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Old 02-11-2008, 04:56 PM   #1
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heaton
Tires ??

My 2553 is a 2004 model with Maxxis tires. I want to install new tires before my trip south in April. Any suggestions on what brand of replacement tire to buy and where? The Maxxis tires have been great so far but there are no dealers close by. What about Goodyear or Firestone?

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Old 02-11-2008, 07:13 PM   #2
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Heaton,

Reading the previous theads on this forum, the Goodyear Marathon tires have been highly recommended for use on a TT. Myself, my 2499 is only one year old with the OEM tires still on it. When the time comes, I do plan on Goodyears for the replacement.

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Old 02-11-2008, 09:03 PM   #3
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I would also recommend the Goodyears. I'll be replacing my tires in the spring, and I'll be putting on Goodyears. I have a good used set that I'm putting on, but if I didn't have that, I'd go with the new Goodyears in a heartbeat.

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Old 02-12-2008, 06:29 AM   #4
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Heaton,

I agree with Bobo & Sunline Fan. When it's time to replace my tires, I will go with the Goodyear Marathons.
I've used them on previous trailers and was very happy with them.

Hutch
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Old 02-12-2008, 09:35 AM   #5
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I too will be replacing tires this spring. Based on the info I have been reading on the forums I will be going with Goodyear. I had a blowout last summer with a brand new Northern Tool brand tire that I was running on the TT. I noticed a soft tire just as I was leaving for a trip. Pulled off the tire and there was a nail in it. I had a brand new spare in the garage that went on my utility trailer. Tire was same size and same load rating so I put it on TT. 20 min into a 5 hour trip home and a blow out on 390.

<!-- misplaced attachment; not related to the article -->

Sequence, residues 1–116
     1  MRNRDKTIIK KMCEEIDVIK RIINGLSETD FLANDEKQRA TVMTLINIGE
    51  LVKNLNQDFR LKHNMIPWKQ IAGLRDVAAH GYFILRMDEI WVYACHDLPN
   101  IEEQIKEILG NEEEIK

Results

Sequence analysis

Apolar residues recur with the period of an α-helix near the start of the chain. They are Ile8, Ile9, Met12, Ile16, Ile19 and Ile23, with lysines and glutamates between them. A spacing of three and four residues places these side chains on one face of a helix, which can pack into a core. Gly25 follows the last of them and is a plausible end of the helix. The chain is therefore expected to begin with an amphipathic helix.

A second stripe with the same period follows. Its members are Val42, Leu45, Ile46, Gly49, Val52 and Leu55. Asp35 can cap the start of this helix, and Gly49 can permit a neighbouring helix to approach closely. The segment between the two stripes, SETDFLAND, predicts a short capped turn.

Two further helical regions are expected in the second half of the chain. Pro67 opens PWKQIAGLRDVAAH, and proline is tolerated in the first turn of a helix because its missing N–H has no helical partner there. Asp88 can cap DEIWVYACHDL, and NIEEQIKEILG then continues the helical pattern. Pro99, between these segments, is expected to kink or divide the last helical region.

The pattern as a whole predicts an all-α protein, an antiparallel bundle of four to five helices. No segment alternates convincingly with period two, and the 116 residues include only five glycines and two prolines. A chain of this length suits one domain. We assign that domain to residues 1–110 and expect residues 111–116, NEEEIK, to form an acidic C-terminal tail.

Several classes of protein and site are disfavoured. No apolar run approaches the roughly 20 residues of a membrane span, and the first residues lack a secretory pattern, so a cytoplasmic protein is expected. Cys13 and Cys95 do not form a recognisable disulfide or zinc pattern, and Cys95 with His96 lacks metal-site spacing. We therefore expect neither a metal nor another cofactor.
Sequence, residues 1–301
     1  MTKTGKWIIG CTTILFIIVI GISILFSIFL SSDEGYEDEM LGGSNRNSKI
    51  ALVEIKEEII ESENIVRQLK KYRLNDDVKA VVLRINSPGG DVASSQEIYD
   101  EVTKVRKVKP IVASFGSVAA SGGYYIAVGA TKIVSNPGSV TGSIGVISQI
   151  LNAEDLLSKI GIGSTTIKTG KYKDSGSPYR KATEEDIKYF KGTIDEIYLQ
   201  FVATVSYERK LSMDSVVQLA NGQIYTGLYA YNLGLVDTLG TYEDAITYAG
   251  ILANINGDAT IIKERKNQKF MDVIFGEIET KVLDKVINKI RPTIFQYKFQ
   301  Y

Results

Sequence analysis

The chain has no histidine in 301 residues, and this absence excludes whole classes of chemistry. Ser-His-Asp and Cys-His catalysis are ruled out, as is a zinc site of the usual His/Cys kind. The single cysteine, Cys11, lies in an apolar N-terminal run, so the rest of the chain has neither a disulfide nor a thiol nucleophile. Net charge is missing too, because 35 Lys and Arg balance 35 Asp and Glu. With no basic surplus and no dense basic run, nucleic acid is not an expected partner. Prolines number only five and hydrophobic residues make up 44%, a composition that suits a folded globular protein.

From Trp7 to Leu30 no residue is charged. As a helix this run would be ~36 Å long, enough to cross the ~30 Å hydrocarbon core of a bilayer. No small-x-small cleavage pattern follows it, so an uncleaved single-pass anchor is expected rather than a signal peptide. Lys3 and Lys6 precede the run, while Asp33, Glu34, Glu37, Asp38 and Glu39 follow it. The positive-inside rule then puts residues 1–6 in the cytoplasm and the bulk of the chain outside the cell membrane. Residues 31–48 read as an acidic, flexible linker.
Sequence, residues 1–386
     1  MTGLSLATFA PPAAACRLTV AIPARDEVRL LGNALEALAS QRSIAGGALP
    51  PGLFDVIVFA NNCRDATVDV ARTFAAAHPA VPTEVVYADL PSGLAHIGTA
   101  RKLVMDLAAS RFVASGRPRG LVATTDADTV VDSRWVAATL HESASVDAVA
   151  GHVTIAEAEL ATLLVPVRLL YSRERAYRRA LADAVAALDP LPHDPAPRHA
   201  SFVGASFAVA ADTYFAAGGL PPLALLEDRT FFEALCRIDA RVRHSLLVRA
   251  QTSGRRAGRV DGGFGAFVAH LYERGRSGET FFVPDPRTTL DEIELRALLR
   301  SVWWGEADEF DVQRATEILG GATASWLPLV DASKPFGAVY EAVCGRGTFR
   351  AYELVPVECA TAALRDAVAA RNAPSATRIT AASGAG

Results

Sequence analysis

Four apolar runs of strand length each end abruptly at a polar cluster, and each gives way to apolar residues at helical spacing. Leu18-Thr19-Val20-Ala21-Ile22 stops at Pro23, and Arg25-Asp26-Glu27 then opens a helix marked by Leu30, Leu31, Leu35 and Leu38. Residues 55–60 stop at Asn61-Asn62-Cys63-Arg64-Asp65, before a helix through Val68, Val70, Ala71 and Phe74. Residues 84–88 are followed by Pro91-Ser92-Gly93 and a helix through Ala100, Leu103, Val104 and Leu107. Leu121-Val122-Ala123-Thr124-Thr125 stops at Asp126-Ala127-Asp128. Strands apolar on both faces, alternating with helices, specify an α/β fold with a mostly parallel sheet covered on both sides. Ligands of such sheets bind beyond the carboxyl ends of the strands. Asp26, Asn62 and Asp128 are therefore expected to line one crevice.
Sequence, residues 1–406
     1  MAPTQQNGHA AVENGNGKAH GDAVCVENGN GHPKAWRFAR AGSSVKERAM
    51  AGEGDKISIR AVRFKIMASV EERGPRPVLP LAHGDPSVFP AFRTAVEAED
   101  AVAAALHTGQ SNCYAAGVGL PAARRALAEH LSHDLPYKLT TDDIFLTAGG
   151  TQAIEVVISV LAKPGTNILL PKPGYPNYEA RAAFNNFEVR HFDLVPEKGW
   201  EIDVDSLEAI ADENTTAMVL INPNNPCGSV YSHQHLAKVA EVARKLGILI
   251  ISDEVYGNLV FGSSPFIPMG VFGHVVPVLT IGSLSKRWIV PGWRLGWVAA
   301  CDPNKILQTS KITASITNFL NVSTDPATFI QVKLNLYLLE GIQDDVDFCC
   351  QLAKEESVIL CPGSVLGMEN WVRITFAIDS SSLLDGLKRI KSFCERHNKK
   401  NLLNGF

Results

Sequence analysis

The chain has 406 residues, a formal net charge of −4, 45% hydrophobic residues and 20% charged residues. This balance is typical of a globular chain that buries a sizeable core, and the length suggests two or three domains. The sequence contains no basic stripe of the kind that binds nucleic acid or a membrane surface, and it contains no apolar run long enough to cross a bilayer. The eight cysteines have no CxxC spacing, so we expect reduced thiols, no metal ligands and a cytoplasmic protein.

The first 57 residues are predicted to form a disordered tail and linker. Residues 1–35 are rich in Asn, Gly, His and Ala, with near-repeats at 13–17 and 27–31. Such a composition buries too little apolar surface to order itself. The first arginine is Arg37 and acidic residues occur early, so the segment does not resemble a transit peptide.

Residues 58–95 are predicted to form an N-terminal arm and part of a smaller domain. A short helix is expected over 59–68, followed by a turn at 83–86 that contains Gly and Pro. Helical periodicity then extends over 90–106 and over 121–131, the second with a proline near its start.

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Old 02-22-2008, 09:03 PM   #6
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While on the subject of tires, I've seen a number of posts where people have used Light Truck tires, seemingly, sucessfully.

If this IS a viable option, wouldn't these tires be a better alternative because of higher speed and load ratings for a given size?
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Old 02-22-2008, 09:46 PM   #7
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Quote:
Originally Posted by Hematite
While on the subject of tires, I've seen a number of posts where people have used Light Truck tires, seemingly, sucessfully.

If this IS a viable option, wouldn't these tires be a better alternative because of higher speed and load ratings for a given size?
Rick, this is a good question. In the future I will be needing to replace mine and I have been keeping track of who was saying what brand etc is good.

The Goodyear Marathons come up often but I also learned some of them now come out of China. And some still come from Canada which I have no issues with.

I have Maxxis on both my TTís and so far no riding problems but they too are made in China. But I am starting to get cracks down in the bottom area of the tire tread. So for sure I will be on the change out plan when I hit 5 years on them and maybe even sooner pending how these cracks go.

The question is going to come real quick well which ones are not made in China?? That fact is not thrilling to me on tires. The amounts of all kinds of RV parts in TT now a days out of China is getting to be staggering. Even the wheel bearings etc. etc and they are really not thrilling to me.

I know the tandem axle trailers really take one heck of a side flex in the tires when you do a 180 degree turn. Which is what the ST part of the rating is all about.

If LTís will fill the same bill, that does become an option. I donít know much on this yet if they will fill the bill. I know some of the smaller trailers I do not know if they make them that small. But the larger TTís maybe.

Hopefully we can get a tire expert here to help explain if LTís can be applied this way.

If and when I get to the point of changing, I will most likely call the tire manufacture and see if they can be used in trailer service.

John
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Old 02-23-2008, 10:08 AM   #8
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JohnB: